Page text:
Mythistorian – Recently, I was in a discussion with a wonderful professor of mine at PGI about the ancient problem of squaring the circle. It began because I had posted an article on a recent paper which solves it through the process of equidecomposition, the breaking up of an object into identical potentially complex pieces. The idea is to take as the object a circle, decompose it into equal pieces, and rearrange the pieces such that it forms a square of equal area to the circle. This paper used 10^200 pieces (10 with 200 zeroes after it), each identical peace being exceedingly complicated and very difficult to visualize. In our discussion, I made the distinction between a rational interpretation of the problem and the problem as embodying a true mystery. The original problem posed in the 5th century B.C. took on an entirely rational character, and it turns out it was unsolvable (the additional requirements were that only the Euclidean tools of compass and straightedge could be used, and that the process entailed a finite number of steps), though this was not proven until 1882. Yet there was an intuition of its unsolveability. Thus, eventually it became acquainted with anything thought to be impossible. The medieval and early modern Latin alchemists adopted a less rational interpretation of the problem, one which embraced to a much larger degree the irrational and preserved the far deeper mystery it embodied.
I suppose I see the problem of human-caused climate decline in a similar way – it embodies a profound mystery which is lost if made completely rational. For here there is a parallel between the comet in the movie and climate decline. When the comet becomes visible to the naked eye, it is too late. Likewise, if the problem of climate decline becomes fully visible (i.e., every scientific measure indicates catastrophe), then it is too late – the point of no return has been reached. The visibility and measurability of the problem where cause-effect is completely uncontroversial indicates the problem has fully manifested into the rational sphere and is too late to solve. But, while there is still mystery in the problem where there is an irrational relationship to it, then there is hope.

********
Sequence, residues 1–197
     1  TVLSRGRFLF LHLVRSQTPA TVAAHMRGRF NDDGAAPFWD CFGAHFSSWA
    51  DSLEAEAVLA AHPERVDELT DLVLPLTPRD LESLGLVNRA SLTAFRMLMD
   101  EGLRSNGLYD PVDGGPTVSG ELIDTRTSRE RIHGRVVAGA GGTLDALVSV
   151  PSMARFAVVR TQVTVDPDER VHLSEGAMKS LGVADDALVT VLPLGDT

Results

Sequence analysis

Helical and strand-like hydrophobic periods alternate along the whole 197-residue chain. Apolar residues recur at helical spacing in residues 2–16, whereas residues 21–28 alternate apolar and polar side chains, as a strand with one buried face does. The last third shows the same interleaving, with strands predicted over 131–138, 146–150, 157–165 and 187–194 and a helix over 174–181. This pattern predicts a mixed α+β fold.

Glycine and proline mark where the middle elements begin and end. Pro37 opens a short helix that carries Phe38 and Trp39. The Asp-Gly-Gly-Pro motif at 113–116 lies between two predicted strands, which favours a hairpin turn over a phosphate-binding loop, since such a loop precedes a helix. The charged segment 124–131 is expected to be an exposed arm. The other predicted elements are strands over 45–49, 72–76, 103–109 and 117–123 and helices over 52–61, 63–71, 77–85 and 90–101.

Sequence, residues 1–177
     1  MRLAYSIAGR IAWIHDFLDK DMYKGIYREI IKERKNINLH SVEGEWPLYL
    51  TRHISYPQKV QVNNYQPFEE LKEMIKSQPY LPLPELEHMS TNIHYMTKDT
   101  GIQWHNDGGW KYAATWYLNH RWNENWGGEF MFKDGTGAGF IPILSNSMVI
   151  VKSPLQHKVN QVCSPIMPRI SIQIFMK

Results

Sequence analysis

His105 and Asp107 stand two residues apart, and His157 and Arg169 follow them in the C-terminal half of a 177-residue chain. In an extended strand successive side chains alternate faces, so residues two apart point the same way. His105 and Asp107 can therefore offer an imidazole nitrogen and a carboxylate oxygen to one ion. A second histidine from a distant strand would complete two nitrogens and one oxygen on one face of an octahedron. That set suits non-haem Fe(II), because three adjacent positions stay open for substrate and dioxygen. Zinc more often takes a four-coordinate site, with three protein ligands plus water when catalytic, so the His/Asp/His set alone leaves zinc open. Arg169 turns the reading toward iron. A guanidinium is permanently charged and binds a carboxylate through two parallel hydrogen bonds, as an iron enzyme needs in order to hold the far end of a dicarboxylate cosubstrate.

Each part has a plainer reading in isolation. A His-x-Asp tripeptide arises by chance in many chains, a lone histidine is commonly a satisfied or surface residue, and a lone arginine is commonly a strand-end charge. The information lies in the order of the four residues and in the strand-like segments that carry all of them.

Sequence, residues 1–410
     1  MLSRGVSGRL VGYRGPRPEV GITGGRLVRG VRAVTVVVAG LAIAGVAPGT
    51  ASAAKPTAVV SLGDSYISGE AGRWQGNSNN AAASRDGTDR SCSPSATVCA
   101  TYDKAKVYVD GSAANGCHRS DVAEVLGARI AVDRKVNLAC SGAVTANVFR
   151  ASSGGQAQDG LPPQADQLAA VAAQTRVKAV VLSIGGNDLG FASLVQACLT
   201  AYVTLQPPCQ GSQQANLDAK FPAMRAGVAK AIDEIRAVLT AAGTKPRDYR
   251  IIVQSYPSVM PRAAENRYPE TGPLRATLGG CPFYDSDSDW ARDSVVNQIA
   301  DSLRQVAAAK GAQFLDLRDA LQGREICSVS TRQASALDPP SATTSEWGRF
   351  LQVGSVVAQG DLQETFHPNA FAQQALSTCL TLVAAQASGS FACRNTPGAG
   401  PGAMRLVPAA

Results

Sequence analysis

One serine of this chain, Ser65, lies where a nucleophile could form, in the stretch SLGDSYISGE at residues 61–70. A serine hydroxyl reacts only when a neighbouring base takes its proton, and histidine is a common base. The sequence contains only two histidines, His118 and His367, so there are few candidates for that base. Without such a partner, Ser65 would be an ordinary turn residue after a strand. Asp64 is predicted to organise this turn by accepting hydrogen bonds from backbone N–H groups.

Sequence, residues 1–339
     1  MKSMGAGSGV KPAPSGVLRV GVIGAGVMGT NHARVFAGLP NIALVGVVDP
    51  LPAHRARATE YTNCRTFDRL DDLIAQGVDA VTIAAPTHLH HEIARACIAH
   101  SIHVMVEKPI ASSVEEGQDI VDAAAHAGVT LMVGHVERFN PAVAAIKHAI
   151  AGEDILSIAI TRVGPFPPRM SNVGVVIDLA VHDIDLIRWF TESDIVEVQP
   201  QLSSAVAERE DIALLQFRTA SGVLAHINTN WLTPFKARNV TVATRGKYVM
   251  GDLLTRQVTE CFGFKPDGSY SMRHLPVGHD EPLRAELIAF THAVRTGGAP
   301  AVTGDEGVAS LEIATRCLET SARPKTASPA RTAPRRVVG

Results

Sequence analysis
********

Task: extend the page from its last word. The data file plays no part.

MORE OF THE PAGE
With respect to the challenges posed by differing agendas and existing power structures which have long history, I think that Naomi Klein’s book entitled This Changes Everything: Capitalism Vs. The Climate (see enclosed link below) is quite excellent. One argument is that those who are pushing for progressive agendas are obfuscating their intentions by using climate decline as their argument for certain actions. And this is a very difficult argument to counter.
I am not sure I agree that simplicity is preferable in all cases. For example, you expressed interest in Giegerich’s work. But he argued that what is required for psychology and for the world more generally is a higher form of thinking or thinking on a higher plain, an approach which is far from being simple. The process of using thinking to accomplish the alchemical dissolution is itself of high complexity. And he feels Hegelian dialectics is the best tool we have, not the easiest approach to learn or use. To be honest, I fully agree with Giegerich here – we do need a higher form of thinking to solve modern problems, psychological or otherwise.